Does it matter if Weezer is cool?

No. Not at all.

What matters is that Weezer is one of the most interesting bands in present times: It’s reached the top, plummeted to rock bottom and may be ascending once again. If the next step of Weezer’s journey is to bottom out again, there will still be fans waving the Weezer flag as proudly as ever.

Nick Miller, an Oregon State University student I grew up with who reintroduced me to Weezer this past summer, had this to say about the contradiction that is being a Weezer fan:

“When you love something, you gotta love its faults too. You gotta accept [Weezer] for what they are, and those terrible, terrible records are a part of who they are now,” he said. “It’s unfortunate, but it’s a part of it.”

Is Weezer cool again? Click on one of the pictures below
"Weezer is not cool."
--Dahlia Bazzaz, editor-in-chief
"Weezer can never be 'cool'. At their height, Weezer's appeal was their nerd aesthetic and 'fuck the cool kids' attitude. Then by the time Beverly Hills hit, they were overexposed and thus uncool in a different way. Thus they can only ever return to 'cool because they're uncool' vibe."
--Chris Berg, video games and technology writer
"I do not have a sentimental relationship with Weezer as a band like most of my generation does. A lot of the time when I hear about Weezer, it seems like a nostalgia thing, so my sense of Weezer is a band that made a couple really solid albums early on, and they're not a group that I would want to throw their music on very often. I don't really see Weezer as ever having been cool. Maybe during The Blue Album. On the one hand they have the “Buddy Holly” thing, but to have the slow, chugging guitar style, it’s really cool. People hated Pinkerton. By the time people realized Pinkerton was this great, undiscovered gem, Weezer had already been uncool for a while. Any coolness Weezer has is in spite of them being uncool. Final Verdict: As far as the mainstream goes, I would say they’re not cool, but they’re beloved, like a big slobbering sheepdog."
--Daniel Bromfield, associate Arts and Culture editor
"In elementary school, they were a pretty integral part of my music experience. It didn't occur to me that they could be anything other than totally cool. The way they precariously handle their fame is the most compelling and stressful thing about them as a band. I don't have expectations for them anymore, because I don’t know where they’re going to go, or what they’re going to do with it. They’ve always been a band that alchemizes how uncool they are and makes that into something totally different. If they keep on that track where they’re very self-aware, but not spiraling out of control, making dorky Lost references, I think that would be pretty cool. There’s always the subtext that Weezer might be in on the joke, which is the troubling part of watching them tumble down a mid-career slope."
--Emerson Malone, senior Arts and Culture editor
"Weezer has always been cool. They just haven't been popular as of late due to their albums in the 2000s sounding too much like their stuff in the ‘90s. These two new songs sound like modern soft rock, which is why they have become relevant again. But they never will or have been super popular due to Weezer being in a niche. Hard and soft rock have diverged into pop rock and punk rock. It's rare to see normal rock groups make it really big these days like Arctic Monkeys and The Black Keys, let alone a soft punk rock group like Weezer. While they will never be super big, I still like them and am glad to find their music is finally appealing to modern audiences again."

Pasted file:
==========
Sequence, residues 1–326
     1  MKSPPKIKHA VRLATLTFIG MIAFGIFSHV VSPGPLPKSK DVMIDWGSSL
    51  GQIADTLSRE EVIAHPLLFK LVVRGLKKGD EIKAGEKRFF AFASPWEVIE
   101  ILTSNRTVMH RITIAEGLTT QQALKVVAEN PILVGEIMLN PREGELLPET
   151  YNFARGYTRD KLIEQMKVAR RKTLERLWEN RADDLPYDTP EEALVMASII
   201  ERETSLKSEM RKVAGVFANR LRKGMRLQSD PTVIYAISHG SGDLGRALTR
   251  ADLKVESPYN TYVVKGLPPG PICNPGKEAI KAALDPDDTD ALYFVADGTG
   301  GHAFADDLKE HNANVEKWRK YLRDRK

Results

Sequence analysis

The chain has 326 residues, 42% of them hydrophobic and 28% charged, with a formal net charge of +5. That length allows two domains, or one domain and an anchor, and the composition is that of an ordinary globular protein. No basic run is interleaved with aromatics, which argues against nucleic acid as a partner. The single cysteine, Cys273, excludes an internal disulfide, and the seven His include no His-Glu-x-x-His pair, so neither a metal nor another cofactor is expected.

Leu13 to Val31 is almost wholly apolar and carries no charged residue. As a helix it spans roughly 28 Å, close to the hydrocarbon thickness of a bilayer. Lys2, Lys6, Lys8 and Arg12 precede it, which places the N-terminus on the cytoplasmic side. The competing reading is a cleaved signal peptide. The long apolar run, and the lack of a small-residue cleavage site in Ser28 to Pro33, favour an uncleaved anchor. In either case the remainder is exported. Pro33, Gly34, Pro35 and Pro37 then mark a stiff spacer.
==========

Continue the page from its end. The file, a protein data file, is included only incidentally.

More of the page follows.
--Eric Schucht, science and research reporter
"For me, yes! Weezer is cool again."
--Madison Layton, women's volleyball reporter
"I absolutely adore Weezer, even through its Hurley days. However, I haven't adored every song, and I definitely feel like I'm eating too many pieces of bitter dark chocolate when I listen to both of these songs. While I love dark chocolate, as I love Weezer, too much of the bitterness of it makes me retract from it. Weezer's new singles are fuming with sick bitterness despite their almost ironic positive messages. I almost fell asleep during "Do You Want To Get High," as the lyrics meant nothing to me other than repetitive lines over and over again and the instrumentals reflected that same vibe. "Thank God For Girls" offended me, which is Weezer's best quality, but it offended me to the point where all I was asking afterward was why I wasted three minutes of my life listening. I have always been critical of Weezer's music, but have always loved at least one song on their albums, so I'm crossing my fingers that a piece of gold comes out of this pile."
--Olivia Decklar, Fraternity and Sorority Life reporter
"I guess I never got on the "Weezer is dumb!" wagon as much as I was on the "Weezer is old!" wagon. I thought that just like any band that was emblematic of a single era, they lost their shine after a while. I saw them at the Project Pabst in Portland this summer, and they were really fun and people were really into it. There was a huge Weezer flag. The W was blazing on the stage, like they are still proud of their brand. Brian Bell came onstage wearing a beer-sipping helmet that he ended up throwing into the crowd, and it was that same uncool-but-cool thing, you know?"
--Scott Greenstone, managing producer
"Weezer is cool again. I just love “Do You Wanna Get High” so much. It’s a step in the right direction. Weezer is cool again, but not in the way the Weeknd is cool. Weezer is always going to be nerd cool, or dad cool. Definitely still cool and relevant for now."
--Sophia June, former Arts and Culture editor (2014-15)
Code: Brandon Cao, Jake Urban
Words: Craig Wright
Graphics: Stacy Yurishcheva
Producer: Scott Greenstone